A new study has said that low levels of healthy folate in mothers could make their kids susceptible to having ADHD at age seven to nine years.
It has long been suggested that healthy folate (the natural form of folic acid) levels in expectant mothers is linked with healthy nervous system development in their children.
"Our findings further support the hypothesis that maternal nutrition contributes to an individuals' development, with potential consequences for their behavior later in life," said Dr. Wolff Schlotz.
The long-term effects of poor maternal nutrition may even extend to the child's ability to interact with peers or form social bonds.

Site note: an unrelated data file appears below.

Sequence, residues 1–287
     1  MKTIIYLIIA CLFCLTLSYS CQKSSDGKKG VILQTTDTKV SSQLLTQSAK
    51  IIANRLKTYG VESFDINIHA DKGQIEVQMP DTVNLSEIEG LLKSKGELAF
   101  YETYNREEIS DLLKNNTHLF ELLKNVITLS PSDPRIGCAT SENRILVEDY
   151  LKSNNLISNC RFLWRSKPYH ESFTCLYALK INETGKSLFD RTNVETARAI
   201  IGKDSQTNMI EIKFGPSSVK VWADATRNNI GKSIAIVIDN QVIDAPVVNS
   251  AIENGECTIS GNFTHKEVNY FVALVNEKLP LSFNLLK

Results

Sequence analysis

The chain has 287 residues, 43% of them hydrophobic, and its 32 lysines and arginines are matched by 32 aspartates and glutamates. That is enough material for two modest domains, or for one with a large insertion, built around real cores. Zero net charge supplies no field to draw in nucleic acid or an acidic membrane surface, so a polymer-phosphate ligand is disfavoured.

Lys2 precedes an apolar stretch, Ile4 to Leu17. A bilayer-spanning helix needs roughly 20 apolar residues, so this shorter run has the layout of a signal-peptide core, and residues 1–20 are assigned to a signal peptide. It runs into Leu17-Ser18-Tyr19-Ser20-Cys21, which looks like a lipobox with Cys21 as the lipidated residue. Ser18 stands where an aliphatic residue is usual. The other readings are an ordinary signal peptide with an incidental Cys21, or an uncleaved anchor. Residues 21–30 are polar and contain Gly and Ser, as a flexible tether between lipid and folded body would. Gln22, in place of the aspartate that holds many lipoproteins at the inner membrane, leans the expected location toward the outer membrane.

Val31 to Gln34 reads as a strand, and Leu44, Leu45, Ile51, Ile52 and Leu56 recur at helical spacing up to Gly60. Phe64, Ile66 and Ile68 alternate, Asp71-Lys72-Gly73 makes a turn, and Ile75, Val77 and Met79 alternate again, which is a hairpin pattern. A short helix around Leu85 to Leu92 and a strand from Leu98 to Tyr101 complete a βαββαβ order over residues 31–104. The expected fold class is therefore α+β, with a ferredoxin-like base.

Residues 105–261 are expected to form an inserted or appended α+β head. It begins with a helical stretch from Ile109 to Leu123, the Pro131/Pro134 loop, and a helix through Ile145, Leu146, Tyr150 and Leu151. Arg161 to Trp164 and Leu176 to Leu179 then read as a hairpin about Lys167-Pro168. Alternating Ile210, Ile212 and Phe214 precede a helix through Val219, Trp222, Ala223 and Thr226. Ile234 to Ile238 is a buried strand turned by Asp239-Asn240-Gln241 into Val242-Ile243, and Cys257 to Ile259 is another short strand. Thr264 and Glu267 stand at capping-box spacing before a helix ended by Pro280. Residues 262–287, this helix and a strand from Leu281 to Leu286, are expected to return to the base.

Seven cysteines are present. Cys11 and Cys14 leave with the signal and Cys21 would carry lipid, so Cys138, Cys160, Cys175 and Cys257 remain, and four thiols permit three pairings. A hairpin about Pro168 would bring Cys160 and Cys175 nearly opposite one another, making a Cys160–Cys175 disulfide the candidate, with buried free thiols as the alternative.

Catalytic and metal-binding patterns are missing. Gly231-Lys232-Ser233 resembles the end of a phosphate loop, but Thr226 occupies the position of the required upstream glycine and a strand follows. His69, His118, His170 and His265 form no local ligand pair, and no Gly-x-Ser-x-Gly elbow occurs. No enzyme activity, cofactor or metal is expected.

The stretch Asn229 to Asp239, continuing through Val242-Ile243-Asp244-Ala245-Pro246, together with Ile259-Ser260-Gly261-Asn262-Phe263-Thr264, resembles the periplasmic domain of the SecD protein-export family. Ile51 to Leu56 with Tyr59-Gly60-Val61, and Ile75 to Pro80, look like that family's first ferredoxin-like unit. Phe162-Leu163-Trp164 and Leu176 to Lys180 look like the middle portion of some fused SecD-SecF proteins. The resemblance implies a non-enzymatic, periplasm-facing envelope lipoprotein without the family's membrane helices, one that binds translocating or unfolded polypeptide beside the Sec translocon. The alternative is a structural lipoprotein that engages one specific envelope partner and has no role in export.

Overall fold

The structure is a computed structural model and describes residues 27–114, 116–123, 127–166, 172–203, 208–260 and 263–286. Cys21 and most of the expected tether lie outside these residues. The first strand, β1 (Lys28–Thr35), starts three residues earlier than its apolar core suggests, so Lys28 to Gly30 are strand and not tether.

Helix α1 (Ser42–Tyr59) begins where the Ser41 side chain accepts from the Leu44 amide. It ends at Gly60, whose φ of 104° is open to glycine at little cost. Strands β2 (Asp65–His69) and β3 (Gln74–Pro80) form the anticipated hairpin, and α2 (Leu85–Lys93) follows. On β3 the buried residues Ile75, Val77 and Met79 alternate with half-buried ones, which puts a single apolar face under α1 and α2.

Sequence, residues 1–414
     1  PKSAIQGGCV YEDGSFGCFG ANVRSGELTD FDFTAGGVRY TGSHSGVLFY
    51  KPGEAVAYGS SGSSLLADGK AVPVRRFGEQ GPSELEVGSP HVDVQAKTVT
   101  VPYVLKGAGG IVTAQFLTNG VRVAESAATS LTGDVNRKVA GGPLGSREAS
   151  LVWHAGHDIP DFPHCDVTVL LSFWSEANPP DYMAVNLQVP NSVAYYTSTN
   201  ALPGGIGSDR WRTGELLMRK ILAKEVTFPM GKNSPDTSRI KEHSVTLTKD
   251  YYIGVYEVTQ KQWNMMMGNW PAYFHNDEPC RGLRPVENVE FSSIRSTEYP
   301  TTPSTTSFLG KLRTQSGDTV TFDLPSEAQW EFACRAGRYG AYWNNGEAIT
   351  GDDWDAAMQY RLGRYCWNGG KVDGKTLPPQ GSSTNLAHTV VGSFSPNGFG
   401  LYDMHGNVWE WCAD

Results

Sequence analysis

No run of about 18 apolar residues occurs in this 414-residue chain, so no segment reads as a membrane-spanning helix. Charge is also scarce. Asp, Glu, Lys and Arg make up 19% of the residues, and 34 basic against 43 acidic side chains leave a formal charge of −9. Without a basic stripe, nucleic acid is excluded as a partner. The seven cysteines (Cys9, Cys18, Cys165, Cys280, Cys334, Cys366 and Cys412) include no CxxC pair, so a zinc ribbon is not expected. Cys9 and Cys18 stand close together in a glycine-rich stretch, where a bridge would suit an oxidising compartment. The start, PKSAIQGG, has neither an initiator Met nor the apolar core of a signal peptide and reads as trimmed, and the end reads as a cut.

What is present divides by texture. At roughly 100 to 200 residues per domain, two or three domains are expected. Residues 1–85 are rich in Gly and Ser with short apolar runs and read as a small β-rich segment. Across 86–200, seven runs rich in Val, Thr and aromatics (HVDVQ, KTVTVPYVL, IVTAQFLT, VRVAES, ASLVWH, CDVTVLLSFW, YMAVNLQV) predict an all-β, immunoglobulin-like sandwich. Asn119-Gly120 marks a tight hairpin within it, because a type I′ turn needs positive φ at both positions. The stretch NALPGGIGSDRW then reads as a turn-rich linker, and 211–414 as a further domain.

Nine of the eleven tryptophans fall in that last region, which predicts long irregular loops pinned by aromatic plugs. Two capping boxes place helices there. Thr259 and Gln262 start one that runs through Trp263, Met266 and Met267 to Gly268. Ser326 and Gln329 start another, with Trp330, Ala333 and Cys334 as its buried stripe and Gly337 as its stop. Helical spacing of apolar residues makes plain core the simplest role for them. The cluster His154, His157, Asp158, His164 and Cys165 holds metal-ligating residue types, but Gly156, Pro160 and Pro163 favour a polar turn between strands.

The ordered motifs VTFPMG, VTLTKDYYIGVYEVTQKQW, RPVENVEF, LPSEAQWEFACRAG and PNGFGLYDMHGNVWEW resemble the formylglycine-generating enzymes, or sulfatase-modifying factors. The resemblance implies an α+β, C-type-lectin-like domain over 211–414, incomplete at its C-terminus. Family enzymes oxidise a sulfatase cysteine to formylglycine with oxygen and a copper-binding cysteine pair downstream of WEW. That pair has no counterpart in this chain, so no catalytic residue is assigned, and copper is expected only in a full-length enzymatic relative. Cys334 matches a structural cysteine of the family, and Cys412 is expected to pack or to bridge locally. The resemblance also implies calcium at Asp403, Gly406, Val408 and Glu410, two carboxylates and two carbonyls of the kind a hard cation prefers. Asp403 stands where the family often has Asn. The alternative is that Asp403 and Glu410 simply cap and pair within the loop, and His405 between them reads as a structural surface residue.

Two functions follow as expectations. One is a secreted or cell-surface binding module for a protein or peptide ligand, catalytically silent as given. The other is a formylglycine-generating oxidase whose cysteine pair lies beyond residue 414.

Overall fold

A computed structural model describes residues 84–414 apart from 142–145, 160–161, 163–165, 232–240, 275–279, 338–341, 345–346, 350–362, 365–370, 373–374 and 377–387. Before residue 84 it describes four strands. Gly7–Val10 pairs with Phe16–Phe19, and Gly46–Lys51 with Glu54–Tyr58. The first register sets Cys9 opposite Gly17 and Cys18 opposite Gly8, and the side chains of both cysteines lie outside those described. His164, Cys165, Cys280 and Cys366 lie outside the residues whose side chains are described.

The researchers also found that children born from mothers with a low folate status had a notably smaller head circumference at birth, which may indicate a smaller rate of prenatal brain growth in children adversely affected by low folate levels.
This is a cause for concern among low-income populations where the nutritional health of the mother is a low priority, and women are less likely to take folate supplements in advance of pregnancy.
The study is published in an upcoming issue of The Journal of Child Psychology and Psychiatry.